Australian Bronze Jumping Spider
Other Names: Threatening Jumping Spider
Family: Salticidae (Jumping Spiders). The world's most diverse and abundant spider family, with over 500 described genera and 5000 described species, which is more than 13% of all described spiders.
Size: Body 11-12 mm
References: Whyte and Anderson
About the Australian Bronze Jumping Spider
Some other jumping spiders are shown below the Australian Bronze Jumping Spider. Jumping spiders are among the most visually attractive of all spiders.
Note that dead spiders usually fade in colour, so nearly all the spiders will look blacker or darker in colour in real life than they do in the photos of dead spiders from the museum.
Photo taken at Australian Museum, Sydney. High Resolution 2572 x 2000.
Source: Wikipedia. Public domain photo by USGS Bee Inventory and Monitoring Lab. Jumping Spider (family Salticidae), species unknown. Beltsville, Maryland, USA. High Resolution 5616 x 3744.
Source: Wikipedia. Public domain photo by USGS Bee Inventory and Monitoring Lab. Jumping spider, species unknown. From Upper Marlboro, Maryland, USA. High Resolution 3816 x 2544.
Source: Wikipedia. Public domain photo by USGS Bee Inventory and Monitoring Lab. Christmas Lights Jumping Spider from the Dominican Republic, species unknown, but surprisingly marked with fluorescent scales. High Resolution 4647 x 2919.
Source: Pixabay. Public domain photo. Jumping Spider, species and country unknown. High Resolution 1920 x 1440.
Source: Pixabay. Public domain photo. Jumping Spider, species and country unknown. High Resolution 1920 x 1470.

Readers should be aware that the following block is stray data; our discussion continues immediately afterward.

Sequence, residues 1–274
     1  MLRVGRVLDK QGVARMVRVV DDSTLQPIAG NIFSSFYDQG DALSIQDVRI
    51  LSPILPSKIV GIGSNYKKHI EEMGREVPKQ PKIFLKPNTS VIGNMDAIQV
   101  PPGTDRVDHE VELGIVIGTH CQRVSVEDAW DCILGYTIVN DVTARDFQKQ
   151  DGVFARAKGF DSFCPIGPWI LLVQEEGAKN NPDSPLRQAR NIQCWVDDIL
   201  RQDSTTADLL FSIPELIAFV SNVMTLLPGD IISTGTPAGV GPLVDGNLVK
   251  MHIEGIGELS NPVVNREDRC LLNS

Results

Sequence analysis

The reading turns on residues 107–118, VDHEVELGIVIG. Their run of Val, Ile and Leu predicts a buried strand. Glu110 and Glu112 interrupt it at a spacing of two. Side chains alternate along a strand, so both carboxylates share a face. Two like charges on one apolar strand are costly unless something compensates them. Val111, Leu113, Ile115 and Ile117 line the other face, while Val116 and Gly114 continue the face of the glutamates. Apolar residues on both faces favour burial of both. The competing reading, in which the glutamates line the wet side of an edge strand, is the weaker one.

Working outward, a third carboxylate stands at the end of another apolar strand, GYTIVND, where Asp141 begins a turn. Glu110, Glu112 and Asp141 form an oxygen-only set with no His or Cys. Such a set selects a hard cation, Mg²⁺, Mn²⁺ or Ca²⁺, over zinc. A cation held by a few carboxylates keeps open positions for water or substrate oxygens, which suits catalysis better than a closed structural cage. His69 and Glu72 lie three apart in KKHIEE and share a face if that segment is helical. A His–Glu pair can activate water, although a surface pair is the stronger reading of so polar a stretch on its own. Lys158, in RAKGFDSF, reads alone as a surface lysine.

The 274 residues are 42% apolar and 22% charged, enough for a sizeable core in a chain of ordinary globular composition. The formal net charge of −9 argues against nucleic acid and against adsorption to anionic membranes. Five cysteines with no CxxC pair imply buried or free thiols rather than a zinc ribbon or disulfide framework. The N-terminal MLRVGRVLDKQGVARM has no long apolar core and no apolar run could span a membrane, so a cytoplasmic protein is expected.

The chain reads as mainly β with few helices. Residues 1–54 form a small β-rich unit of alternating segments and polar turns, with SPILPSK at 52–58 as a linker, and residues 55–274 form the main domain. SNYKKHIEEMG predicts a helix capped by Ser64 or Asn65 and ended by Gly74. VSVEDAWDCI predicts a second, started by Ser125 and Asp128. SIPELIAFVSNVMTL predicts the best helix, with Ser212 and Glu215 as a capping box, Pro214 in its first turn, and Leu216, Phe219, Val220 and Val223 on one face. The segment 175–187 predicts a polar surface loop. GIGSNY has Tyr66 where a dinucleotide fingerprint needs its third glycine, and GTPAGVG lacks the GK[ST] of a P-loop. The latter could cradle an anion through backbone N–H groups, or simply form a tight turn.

Source: Pixabay. Public domain photo. Cute Jumping Spider, species and country unknown. High Resolution 1920 x 1280.
A Guide to the Spiders of Australia, by Volker W. Framenau, Barbara C. Baehr, and Paul Zborowski.
This is a great field guide to Australian spiders. It's a toss up between this one and Spiderwatch for my second favourite spider field guide. This one is a lot different to Spiderwatch. It's got more than twice the number of pages. It's got much better photos. It comes with a soft clear plastic cover protecting the usual soft cover. On the other side of the argument, it's got no index other than an index of family names (i.e. no index of actual spider names, not their common names and not their scientific names). Which makes it hard to find things in it, if you don't know what family they are in. Also it's based on families and not individual spider species. It's still a wonderful book though.
From the publisher, "This definitive guide to the subject, written by three experts in the field, offers a window into a fascinating world. Notorious species such as the Redback and the Sydney Funnel-web sit alongside less wellknown but equally intriguing spiders such as the ant-mimics and net-casting spiders. The introduction covers spider structure, evolution, reproduction, silk and venom, together with peculiarities of the family within an Australian context.
The two main sections of the book deal with Trapdoor Spiders and Modern Spiders, and within each section there is a chapter on each of the 80 or so spider families that occur in Australia. Each is illustrated with beautiful photographs of the subjects, with more than 30 images per family for some of the larger groups such as the jumping spiders, and many rare images never before published. "
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